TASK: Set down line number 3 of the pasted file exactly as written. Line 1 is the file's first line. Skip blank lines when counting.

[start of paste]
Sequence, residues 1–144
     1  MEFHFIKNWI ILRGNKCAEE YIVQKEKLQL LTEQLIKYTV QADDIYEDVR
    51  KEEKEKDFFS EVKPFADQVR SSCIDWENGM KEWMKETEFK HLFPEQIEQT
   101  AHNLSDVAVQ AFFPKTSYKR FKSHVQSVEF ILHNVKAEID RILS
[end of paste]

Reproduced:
    51  KEEKEKDFFS EVKPFADQVR SSCIDWENGM KEWMKETEFK HLFPEQIEQT